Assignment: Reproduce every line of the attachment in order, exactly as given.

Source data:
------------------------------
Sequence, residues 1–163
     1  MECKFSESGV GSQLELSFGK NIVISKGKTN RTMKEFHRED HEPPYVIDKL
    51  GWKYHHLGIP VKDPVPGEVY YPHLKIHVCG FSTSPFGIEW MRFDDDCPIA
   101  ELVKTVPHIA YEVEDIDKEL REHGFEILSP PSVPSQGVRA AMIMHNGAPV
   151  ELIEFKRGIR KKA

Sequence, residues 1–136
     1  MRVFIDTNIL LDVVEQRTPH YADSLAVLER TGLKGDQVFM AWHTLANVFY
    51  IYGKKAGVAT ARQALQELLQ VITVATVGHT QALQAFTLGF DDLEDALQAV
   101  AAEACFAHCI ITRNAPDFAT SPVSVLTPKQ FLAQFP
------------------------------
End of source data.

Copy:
Sequence, residues 1–163
     1  MECKFSESGV GSQLELSFGK NIVISKGKTN RTMKEFHRED HEPPYVIDKL
    51  GWKYHHLGIP VKDPVPGEVY YPHLKIHVCG FSTSPFGIEW MRFDDDCPIA
   101  ELVKTVPHIA YEVEDIDKEL REHGFEILSP PSVPSQGVRA AMIMHNGAPV
   151  ELIEFKRGIR KKA

Sequence, residues 1–136
     1  MRVFIDTNIL LDVVEQRTPH YADSLAVLER TGLKGDQVFM AWHTLANVFY
    51  IYGKKAGVAT ARQALQELLQ VITVATVGHT QALQAFTLGF DDLEDALQAV
   101  AAEACFAHCI ITRNAPDFAT SPVSVLTPKQ FLAQFP